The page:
Collecting two old Gear VR gallery shooters, Bandit Six: Combined Arms doesn’t have any right to be as entertaining as it is. While far from the likes of full first-person shooter (FPS) experiences like RIGS: Mechanized Combat League, this simple, accessible set of games is arguably better than CCP’s EVE: Gunjack, though you can’t deny it shows its age.
Combined Arms’ first game is simply titled Bandit Six, and it casts you as the tail gunner on a World War II fighter. Enemies pour in from the rear and you’ll have to use PlayStation VR’s (PSVR’s) head-tracking to aim, assaulting them with a barrage of machine gun bullets. There are a few hours’ worth of levels which try to mix things up with different mission objectives like protecting other craft and surviving for a certain amount of time.
It’s far from the most complex game in VR, and shows its age as one of the first full games for Gear VR, released over two years ago now. Though spruced up for console, the visuals are muddy, and the overall presentation lacks the visceral, gritty roar of real WW2 combat.
While Bandit Six is definitely the weaker of the two games, it’s not without its charms. The game’s upgrade cycle gave me a reason to keep pressing on to unlock more powerful weapons, which I’d then want to go back and use in earlier levels where I hadn’t got three star ratings yet. Without them, some of the later levels are surprisingly challenging, and I found myself completing later levels before I could go back and tackle some of the harder escort missions. It’s a nice change of pace from methodically and stubbornly working your way through levels one-by-one.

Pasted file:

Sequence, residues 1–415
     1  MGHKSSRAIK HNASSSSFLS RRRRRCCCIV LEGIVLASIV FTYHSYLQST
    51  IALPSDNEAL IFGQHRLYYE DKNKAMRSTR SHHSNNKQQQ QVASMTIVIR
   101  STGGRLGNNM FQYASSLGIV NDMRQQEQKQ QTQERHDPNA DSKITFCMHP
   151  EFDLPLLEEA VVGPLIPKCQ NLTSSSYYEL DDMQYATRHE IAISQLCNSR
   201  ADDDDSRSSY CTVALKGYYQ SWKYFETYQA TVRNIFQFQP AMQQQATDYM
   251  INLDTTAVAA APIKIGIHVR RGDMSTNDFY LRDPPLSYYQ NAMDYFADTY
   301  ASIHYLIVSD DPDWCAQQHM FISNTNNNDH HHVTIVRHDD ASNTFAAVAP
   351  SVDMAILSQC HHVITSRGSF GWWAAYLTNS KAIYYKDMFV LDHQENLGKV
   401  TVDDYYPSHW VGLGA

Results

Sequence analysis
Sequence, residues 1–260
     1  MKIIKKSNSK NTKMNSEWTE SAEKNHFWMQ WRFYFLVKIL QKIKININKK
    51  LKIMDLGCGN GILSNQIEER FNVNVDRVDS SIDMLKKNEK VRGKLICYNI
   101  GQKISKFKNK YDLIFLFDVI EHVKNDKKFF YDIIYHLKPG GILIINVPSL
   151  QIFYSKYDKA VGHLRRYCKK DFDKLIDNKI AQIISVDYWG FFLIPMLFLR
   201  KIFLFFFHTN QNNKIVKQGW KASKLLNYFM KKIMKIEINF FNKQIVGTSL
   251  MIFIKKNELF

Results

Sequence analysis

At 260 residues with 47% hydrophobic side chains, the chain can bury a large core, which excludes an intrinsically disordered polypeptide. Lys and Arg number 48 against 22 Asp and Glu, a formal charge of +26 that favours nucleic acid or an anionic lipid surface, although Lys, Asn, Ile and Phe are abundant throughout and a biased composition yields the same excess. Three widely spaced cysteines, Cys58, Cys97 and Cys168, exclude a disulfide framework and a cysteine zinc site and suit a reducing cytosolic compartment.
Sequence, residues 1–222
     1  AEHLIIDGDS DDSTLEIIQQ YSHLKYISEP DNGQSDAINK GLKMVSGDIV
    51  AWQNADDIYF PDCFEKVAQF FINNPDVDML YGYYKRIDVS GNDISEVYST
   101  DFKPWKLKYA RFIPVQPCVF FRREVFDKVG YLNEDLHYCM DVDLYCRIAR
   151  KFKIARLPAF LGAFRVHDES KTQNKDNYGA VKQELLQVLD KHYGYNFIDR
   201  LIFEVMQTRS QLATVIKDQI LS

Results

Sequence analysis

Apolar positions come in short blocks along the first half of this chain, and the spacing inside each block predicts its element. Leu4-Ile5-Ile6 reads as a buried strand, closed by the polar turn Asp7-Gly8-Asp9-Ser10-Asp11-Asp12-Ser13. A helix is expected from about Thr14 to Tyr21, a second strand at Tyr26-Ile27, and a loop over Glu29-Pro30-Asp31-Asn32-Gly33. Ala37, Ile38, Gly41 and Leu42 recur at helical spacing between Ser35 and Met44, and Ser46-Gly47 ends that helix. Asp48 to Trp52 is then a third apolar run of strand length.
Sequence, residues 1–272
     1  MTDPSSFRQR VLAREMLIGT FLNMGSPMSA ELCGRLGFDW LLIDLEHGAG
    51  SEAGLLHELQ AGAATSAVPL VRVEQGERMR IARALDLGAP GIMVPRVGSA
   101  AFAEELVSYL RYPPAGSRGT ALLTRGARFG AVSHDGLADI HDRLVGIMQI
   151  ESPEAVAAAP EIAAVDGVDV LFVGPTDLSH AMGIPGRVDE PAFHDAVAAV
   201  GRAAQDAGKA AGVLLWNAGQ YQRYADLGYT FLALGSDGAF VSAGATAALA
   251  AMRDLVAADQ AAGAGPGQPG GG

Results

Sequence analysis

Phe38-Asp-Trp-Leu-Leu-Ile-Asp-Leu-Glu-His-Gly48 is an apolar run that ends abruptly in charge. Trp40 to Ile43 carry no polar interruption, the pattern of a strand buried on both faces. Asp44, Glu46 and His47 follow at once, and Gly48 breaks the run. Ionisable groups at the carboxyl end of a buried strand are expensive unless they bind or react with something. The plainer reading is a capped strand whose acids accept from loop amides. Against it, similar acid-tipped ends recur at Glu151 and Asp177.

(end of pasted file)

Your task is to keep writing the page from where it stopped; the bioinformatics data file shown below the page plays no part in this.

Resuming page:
Still, there’s no denying Bandit Six is a little too simplistic for this far into PSVR’s life cycle. It’s sequel, Bandit Six: Salvo, fares a little better.
Salvo is a much livelier game, with cel-shaded visuals that really pop inside PSVR’s OLED display. It trades the back of an aircraft for stationary turrets, rooted to beach heads and more. You’ll have access to another machine gun as well as mortar and artillery fire but, crucially, there’s a bit of strategy in the mix. Before a mission starts you can place a selection of turrets in specific positions, and then switch between them in-game to get a better angle on some enemies or tackle foes more suited to their firepower.
When you’re not in control of one turret it’ll be controlled by A.I., and I have to admit I saw this as a missed opportunity. I’d have welcomed some four-player co-op here, even if that’s a much bigger ask than simply porting the game over from mobile VR platforms. I also would have liked to see Climax go back and give the original Bandit Six a fresh coat of paint that’s more consistent with its bigger brother.
All the same, Salvo’s efforts to separate itself from the tons of wave shooters that were appearing on Gear VR during original release remain appreciated here.
Bandit Six: Combined Arms isn’t going be winning any awards for its ambitions, but it’s a harmlessly entertaining PSVR shooter all the same. As simple as it may look, don’t be surprised if you get pulled in by its upgrade systems and accessible gameplay. I’d have loved to see Climax add a few new features to the game, but what’s here is worth a look if you’re feeling a little trigger happy.
Bandit Six: Combined Arms is available now on the PlayStation Store in the EU for £9.99 and hits the US tomorrow for $12.99. Read our Game Review Guidelines for more information on how we arrived at this score.